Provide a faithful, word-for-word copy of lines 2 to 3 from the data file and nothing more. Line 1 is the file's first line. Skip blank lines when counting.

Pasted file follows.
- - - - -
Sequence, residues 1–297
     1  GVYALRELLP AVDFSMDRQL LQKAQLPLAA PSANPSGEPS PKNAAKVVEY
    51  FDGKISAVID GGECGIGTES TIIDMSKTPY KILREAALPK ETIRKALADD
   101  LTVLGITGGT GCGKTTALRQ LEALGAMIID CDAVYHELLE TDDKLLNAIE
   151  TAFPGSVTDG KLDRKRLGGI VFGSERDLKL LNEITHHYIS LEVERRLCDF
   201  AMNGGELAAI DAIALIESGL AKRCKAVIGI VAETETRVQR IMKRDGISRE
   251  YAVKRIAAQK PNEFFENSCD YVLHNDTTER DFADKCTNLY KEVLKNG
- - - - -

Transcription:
     1  GVYALRELLP AVDFSMDRQL LQKAQLPLAA PSANPSGEPS PKNAAKVVEY
    51  FDGKISAVID GGECGIGTES TIIDMSKTPY KILREAALPK ETIRKALADD